Eddie Murphy is emphatic that he doesn’t want to do any more family comedies. But after the underwhelming $25-million opening of 'Tower Heist" this weekend, it’s clearer than ever that we don't want to see him do anything else.
Since the calendar turned to 2000, the man who for years ruled the box office has generated seven live-action flops and four hits. That wouldn’t be a terrible ratio if there was any variety to the list. But there isn’t: All four hits were broad family comedies: “Norbit,” “Daddy Day Care,” Dr. Dolittle 2” and “The Nutty Professor 2.”
Most of the flops, on the other hand, were a bit more adult-themed and generally came with a genre spin: “The Adventures of Pluto Nash,” “I Spy,” “Meet Dave,” "Showtime," "The Haunted Mansion," “Imagine That” and now "Tower Heist." (We'll exclude “Dreamgirls,” a musical hit costarring Murphy that was sold mainly on non-Murphy elements.)
But we already knew all of that. What “Tower Heist” (which underperformed, though it should be noted did not bomb) really showed is not that we can add one more disappointment to Murphy’s millennial résumé. It's that what could have been a rich avenue for a Murphy comeback is, apparently, closed.
Duds such as “Dave” and “Pluto Nash” showed that slotting Murphy into a fanboy genre like science fiction doesn't work. But “Heist,” in which the 50-year-old plays a small-time criminal who helps a band of misfits reclaim their money, was supposed to be different. It was, finally, Eddie as we loved him in the '80s, showcasing him as both the rogue justice-seeker of the “Beverly Hills Cop” movies and as half of an interracial odd-couple of mega-hits like “Trading Places” and “48 Hours.”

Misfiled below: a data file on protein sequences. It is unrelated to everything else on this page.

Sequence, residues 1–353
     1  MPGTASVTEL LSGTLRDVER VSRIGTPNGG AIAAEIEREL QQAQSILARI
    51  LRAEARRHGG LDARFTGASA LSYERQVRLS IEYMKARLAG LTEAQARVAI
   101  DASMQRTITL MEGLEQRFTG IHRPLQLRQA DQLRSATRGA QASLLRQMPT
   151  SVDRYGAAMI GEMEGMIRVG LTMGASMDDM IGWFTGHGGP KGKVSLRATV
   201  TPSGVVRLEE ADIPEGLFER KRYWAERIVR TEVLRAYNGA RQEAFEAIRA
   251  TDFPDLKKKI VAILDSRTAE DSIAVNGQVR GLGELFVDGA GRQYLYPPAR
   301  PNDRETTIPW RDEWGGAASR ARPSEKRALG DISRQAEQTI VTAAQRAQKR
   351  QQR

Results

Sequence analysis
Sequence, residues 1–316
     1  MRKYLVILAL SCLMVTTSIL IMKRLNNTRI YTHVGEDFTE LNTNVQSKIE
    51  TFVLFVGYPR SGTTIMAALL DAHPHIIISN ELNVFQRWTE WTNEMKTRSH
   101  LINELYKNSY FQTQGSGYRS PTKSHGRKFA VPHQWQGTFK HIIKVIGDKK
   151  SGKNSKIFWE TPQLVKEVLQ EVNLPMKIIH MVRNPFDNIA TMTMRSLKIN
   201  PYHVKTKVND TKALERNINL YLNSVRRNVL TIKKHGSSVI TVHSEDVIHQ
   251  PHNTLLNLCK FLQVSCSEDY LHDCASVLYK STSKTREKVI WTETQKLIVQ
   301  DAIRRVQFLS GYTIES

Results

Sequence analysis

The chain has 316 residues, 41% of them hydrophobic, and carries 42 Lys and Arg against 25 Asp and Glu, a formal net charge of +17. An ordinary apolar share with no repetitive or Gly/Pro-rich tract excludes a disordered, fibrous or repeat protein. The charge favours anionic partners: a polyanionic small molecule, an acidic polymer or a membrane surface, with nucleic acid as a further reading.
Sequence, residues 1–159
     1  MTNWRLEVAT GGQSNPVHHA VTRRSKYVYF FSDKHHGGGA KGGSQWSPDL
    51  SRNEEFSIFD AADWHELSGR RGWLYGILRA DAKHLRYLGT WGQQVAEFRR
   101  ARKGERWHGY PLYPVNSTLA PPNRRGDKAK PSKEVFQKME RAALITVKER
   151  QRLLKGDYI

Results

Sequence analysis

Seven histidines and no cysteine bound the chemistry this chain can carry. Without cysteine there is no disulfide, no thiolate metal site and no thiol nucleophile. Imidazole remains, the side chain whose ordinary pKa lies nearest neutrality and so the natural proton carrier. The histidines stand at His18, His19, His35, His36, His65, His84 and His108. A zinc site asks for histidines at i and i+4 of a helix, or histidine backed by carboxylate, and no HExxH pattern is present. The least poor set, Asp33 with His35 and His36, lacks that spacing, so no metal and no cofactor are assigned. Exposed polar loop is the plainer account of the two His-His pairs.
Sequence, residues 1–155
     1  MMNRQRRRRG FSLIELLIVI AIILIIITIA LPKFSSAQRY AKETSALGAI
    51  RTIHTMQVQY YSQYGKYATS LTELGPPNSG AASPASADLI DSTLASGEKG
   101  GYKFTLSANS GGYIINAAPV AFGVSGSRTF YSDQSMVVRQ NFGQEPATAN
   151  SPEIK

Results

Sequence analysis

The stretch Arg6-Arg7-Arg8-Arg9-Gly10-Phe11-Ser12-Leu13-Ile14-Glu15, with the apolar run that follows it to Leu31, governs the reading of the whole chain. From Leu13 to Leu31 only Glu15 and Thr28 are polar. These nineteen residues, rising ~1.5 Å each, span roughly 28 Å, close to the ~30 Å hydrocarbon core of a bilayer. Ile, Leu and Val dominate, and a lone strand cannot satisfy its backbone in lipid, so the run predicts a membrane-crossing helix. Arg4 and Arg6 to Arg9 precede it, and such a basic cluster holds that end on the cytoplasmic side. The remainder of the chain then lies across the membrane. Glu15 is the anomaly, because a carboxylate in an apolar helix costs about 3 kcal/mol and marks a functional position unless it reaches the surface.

There are plenty of theories about what's made Murphy go downhill: Is it the material? The passage of time? The sum total of his choices? That last one didn't help — it’s a little tough to continue buying him as a chameleon-like comedian after he's run one too many day-care centers or spent too much time on screen talking to, well, chameleons.
There is one last ray of hope. In February, the actor will of course host the Oscars. Monday morning hand-wringers will wonder how that will play coming off a disappointment. But the Academy Awards offer a chance for Murphy to turn things around, because they allow us to see him the other way we loved him in the 1980s: on a stage. If Murphy crushes it, there's still hope for a revival. It’s decidedly a long shot, but then, so was a leather-clad comedian with a hyena laugh becoming a megastar in the first place.
-- Steven Zeitchik
Photo: Eddie Murphy in "Beverly Hills Cop." Credit: Paramount Pictures